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    The "7" was the last of the 7 series (7000, 700, and then the 7... seems like they were counting down). Also, Maxxum / Dynax / Alpha... it's all the same beast, just depends on which country you were in.

    I had a look at them today, and certainly, it's sad that the Alpha 7 seemed to have had the best menu and electronic features, compared to the last Alpha 9 made (before it all went digital). The menu system and all the buttons and bits were all really familiar, and very easy to have confidence in using. Switching between the two cameras can possibly be done without a second thought. But the Alpha 9, shame it didn't have that display system on the back. Also, I couldn't figure out how to adjust the focus zone. I'm sure there is a way, and it'll become second nature later, but that display system on the back of the A7!!!

    Still thinking about it all. "kangaimasu" (Japanese for 'think[ing about]')
     
  13. winjeel

    winjeel Member

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    Oh, one more thought. The largest digital files I can get scanned here in this city, is a little more than 4000x3000, which is on par with the current Sony A700 in terms of digital size. So, there must be some extra advantage that film has. I'm very logical in making decisions, as you can perhaps tell. I loved the effects you can get with black and white film, especially with filters (especially red filters on clear skies with some fluffy clouds). There's got to be more than that, I'd imagine.
     
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  15. naaldvoerder

    naaldvoerder Member

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    That's funny.. I too have a RTSIII and I was also impressed by the Dynax 9 of a friend of mine. I think the Dynax 9 is arguably the most impressive 35mm camera ever made. Build to last and razorsharp to use... My friend sold it and went D....l though....

    Jaap Jan
     
  16. Ralph Javins

    Ralph Javins Member

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    Good morning;

    Regarding the Minolta 9 or the Maxxum/Dynax 9 and the SSM/ADI Upgrade program on the IC-1 chip inside the camera:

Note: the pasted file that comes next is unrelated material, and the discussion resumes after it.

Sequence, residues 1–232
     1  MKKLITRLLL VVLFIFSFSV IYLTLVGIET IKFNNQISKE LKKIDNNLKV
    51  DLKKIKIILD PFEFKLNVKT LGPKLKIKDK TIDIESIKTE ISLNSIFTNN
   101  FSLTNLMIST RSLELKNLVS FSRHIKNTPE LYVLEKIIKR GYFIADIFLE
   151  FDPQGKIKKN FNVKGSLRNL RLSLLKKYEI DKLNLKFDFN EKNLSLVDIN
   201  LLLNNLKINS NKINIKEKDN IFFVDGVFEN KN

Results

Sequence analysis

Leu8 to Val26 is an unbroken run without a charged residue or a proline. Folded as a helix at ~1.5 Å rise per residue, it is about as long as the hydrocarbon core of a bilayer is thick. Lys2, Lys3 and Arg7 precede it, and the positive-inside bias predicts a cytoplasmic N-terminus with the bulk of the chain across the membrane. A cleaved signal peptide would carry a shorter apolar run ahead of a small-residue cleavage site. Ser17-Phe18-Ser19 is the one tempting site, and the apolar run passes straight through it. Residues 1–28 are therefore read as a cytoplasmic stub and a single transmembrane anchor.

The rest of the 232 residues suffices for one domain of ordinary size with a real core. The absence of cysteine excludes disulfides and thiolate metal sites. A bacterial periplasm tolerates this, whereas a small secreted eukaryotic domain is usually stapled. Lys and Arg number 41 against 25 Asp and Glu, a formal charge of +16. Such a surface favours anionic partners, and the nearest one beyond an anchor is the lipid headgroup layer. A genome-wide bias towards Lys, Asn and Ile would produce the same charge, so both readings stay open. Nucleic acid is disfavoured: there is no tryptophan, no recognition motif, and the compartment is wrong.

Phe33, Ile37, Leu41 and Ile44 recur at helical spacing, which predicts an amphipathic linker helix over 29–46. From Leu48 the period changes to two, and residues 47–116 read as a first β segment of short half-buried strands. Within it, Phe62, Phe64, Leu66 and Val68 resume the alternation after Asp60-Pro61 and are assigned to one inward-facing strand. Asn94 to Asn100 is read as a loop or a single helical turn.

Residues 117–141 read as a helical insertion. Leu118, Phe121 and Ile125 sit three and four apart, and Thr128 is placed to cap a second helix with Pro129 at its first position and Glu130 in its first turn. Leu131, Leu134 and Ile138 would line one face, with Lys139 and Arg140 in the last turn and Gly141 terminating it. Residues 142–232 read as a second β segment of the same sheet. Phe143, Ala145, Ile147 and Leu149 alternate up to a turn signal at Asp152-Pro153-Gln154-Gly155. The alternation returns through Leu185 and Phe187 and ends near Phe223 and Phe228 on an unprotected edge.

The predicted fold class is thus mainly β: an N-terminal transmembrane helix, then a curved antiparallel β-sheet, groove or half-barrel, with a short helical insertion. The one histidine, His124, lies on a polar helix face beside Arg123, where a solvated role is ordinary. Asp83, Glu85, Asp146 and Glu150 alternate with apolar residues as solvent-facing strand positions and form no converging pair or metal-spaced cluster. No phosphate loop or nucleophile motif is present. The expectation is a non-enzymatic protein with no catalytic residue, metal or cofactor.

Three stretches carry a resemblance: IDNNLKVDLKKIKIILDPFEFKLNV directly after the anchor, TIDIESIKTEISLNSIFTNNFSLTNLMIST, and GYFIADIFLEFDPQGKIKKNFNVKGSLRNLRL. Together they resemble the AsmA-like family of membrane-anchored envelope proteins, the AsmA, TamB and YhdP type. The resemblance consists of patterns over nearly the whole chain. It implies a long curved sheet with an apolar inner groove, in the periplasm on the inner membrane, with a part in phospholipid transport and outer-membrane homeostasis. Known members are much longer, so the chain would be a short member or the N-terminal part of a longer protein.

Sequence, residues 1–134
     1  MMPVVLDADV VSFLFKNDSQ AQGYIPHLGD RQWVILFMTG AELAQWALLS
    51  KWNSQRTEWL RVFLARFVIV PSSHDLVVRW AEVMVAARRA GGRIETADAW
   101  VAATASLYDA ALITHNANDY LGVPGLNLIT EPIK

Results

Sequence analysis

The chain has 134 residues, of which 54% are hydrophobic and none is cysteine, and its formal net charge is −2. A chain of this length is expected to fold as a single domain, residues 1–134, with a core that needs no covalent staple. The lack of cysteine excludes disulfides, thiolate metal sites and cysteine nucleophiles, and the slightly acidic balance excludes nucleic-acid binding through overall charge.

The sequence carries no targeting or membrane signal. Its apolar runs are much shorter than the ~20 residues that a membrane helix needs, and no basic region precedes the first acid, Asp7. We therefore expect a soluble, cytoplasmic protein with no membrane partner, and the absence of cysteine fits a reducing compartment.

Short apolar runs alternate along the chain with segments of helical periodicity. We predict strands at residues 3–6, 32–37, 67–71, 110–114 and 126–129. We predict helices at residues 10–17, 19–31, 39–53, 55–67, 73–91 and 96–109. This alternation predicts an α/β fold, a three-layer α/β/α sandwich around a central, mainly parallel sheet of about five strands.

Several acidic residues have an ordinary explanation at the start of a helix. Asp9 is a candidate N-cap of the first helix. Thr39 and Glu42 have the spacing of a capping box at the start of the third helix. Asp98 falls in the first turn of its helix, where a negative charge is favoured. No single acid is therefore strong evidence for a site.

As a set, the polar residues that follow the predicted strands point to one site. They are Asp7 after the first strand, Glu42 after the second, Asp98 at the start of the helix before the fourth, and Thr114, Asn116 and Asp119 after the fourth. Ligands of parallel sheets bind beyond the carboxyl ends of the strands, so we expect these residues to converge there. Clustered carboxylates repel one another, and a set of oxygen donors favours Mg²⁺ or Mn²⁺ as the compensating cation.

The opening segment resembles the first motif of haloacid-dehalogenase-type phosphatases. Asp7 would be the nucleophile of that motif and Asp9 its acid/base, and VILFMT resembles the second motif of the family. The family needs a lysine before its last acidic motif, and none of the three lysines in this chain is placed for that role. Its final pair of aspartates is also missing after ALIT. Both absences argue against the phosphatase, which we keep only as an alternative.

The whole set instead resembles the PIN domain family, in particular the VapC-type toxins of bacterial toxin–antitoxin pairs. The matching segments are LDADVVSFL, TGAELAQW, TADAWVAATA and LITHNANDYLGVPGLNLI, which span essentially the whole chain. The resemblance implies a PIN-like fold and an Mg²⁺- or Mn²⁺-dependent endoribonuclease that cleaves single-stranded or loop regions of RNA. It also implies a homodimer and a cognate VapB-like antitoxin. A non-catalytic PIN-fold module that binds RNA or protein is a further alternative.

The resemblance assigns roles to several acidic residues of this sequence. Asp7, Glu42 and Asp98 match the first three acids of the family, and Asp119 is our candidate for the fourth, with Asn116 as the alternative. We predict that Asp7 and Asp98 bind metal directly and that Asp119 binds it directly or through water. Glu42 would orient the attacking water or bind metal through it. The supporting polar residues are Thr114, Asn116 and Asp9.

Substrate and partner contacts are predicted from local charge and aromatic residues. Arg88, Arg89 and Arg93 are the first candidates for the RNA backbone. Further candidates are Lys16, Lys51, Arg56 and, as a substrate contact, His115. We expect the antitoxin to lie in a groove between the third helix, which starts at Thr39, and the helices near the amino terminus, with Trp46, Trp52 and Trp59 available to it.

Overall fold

As mentioned about the www.dyxum.com specialty group for the Minolta Maxxum Cameras, there is a movement to work with Sony to make this upgrade available as a service to the "legacy Minolta customers" that Sony inherited with the purchase of Konica/Minolta. I have examined my own Maxxum 9, and I am also qualified to receive the upgrade on my camera. I admit that I did have hope that it might have been done already.

    There is hope that this might work, especially if we can show that there is a large group of cameras that have not been upgraded, but their owners would like to buy and use the new Sony SAL lenses. I have added my name to that group.
     
  17. winjeel

    winjeel Member

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    Hmm... I'm still thinking about it. But flashgumby, thanks for the summary. I'm now leaning towards the 7, but then a friends is now dangling an 800si in front of me. I've never held one in my hands (he's in Denmark, and I'm in Japan), but I really like the back on the Alpha / Dynax 7.

    The other thing I need to do now, is to test the quality of the film scanning service that there is locally.
     
  18. Rob Skeoch

    Rob Skeoch Advertiser Advertiser

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    I'm a bit confused... my normal state. So the 9 doesn't work on the SSM lenses without the up-grade.... and we can't get the up-grade at this time.... right.
    The 7 does work with the SSM lenses but isn't as well built as the 9.... right.
    -rob
     
  19. zk-cessnaguy

    zk-cessnaguy Member

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    That's correct. The 9 is a slightly earlier camera, introduced in 1998. The 7 came along in 2000. SSM lenses came out in 2003.
     
  20. Jedidiah Smith

    Jedidiah Smith Member